Some families and friends are even timing visits for just after the sessions as their loved ones are more relaxed and responsive than at other times.
The structured group sessions are being held at Colten Care’s Fernhill home in Longham and The Aldbury in Parkstone, Poole.
The techniques include playing a sequence of Himalayan and pure quartz crystal bowls to create harmonic notes at specific frequencies in tune with the way the brain interprets and responds to sound waves.
As residents ‘tune in’ to the vibrations, they appear to achieve a calming decluttering of the brain which leads to a more relaxed mood.
The sessions are led by Sandra Chattaway, a sound therapy practitioner based in Bournemouth.
Sandra, who has a Sound Therapy Diploma from Chichester University accredited by BAST, the British Academy of Sound Therapists, said: “You can see the residents becoming calmer within minutes. The more frequently the sessions are held, the quicker they appear to respond. Their brains recognise the sounds and they are predisposed to be responsive to the benefits.”
The sessions finish with a slow, gentle process of percussion with soft bells and Aboriginal rain sticks which residents are typically fascinated to touch and feel.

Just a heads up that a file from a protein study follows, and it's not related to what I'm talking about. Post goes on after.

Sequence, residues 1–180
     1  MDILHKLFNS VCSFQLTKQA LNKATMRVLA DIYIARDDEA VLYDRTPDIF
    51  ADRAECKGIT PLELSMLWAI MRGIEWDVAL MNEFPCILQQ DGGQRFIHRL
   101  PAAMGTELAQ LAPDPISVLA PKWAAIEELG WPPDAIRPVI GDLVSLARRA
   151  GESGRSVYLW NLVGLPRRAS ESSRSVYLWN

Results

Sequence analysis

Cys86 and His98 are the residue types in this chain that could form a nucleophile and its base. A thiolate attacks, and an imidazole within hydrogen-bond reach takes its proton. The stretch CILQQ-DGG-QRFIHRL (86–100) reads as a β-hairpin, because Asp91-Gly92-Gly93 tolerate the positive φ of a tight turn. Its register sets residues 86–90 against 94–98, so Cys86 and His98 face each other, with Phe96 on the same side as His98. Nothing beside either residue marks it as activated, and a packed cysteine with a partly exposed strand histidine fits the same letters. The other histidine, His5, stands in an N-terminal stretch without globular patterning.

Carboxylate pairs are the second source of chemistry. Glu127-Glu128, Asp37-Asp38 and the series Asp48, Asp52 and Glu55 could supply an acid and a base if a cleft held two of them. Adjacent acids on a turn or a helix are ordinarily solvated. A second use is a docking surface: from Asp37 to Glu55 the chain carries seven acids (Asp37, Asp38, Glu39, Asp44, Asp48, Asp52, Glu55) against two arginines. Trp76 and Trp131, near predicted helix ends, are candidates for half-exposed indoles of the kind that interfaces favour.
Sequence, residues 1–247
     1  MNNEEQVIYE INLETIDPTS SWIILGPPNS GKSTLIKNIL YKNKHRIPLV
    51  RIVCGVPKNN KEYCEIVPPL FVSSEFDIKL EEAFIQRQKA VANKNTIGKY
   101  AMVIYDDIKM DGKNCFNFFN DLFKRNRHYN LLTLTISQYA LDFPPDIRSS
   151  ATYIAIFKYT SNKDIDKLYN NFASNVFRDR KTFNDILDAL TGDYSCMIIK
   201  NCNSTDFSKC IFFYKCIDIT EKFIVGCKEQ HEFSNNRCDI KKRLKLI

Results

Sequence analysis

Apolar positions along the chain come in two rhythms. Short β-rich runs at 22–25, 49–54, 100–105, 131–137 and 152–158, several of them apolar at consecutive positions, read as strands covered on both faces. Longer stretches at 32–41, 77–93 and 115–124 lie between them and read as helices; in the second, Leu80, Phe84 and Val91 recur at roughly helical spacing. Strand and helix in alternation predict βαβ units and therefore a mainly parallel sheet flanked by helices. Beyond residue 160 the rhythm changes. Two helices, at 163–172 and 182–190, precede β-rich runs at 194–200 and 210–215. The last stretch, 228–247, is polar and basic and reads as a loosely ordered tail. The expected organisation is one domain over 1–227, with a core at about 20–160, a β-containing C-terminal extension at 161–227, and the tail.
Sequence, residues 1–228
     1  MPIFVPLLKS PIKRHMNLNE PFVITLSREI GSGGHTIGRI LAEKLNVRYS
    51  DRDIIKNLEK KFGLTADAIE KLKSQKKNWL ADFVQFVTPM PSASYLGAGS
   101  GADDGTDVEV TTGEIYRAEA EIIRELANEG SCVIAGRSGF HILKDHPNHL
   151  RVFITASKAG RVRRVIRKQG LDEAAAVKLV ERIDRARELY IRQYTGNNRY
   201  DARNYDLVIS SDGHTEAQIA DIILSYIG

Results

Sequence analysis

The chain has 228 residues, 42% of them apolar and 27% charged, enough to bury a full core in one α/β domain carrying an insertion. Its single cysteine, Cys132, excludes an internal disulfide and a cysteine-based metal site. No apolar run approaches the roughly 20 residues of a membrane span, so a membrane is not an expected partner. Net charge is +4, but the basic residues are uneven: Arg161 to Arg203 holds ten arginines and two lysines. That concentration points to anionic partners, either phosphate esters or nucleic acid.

“The percussion instruments are used as a grounding process to bring people gently round,” said Sandra. “It’s really interesting to see people at the end of each session. It’s evident that residents get a great deal out of the treatment judging by their response.”
Such is the success of the therapy so far, it is hoped to explore the possibility of a formal clinical study on the benefits.
Sandra added: “If we can prove this is effective for people with Alzheimer’s and dementia it would be quite revolutionary.”
Denise Arthur-Briskham, Home Manager at The Aldbury, who introduced Sandra to Colten Care, said she was unaware of sound therapy of this kind being done in other dementia care homes in the UK.
Denise said: “The sessions help residents relax which has obvious benefits for them. Feedback from relatives shows that they notice their loved ones are calmer, more lucid and less agitated afterwards. Indeed, some relatives deliberately time their visits following the sessions because they know the residents will feel better.”
June Gallagher, Colten Care Operations Manager, said: “We are using sound therapy in two of our dementia homes with residents who are more advanced on their journeys. The positive difference it is making to them and their relatives is really evident.”
Colten Care has produced a short film about its approach to dementia care which features on its YouTube channel – www.youtube.com/coltencare. The film includes Sandra and June talking about the sound therapy sessions.
Colten Care runs 19 care homes across Dorset, Hampshire and Wiltshire. Its services include residential, nursing, respite and dementia care. The family-run group is determined to set the highest standards in all aspects of care for the elderly.